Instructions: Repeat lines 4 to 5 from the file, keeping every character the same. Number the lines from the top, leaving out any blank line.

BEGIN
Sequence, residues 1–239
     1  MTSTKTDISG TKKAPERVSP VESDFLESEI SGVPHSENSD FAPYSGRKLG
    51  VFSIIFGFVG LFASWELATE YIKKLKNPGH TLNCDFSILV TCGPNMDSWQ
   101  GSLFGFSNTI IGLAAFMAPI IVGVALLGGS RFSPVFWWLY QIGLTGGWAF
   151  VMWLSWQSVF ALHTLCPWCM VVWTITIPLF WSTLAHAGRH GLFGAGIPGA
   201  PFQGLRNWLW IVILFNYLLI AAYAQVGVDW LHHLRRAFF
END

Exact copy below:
   101  GSLFGFSNTI IGLAAFMAPI IVGVALLGGS RFSPVFWWLY QIGLTGGWAF
   151  VMWLSWQSVF ALHTLCPWCM VVWTITIPLF WSTLAHAGRH GLFGAGIPGA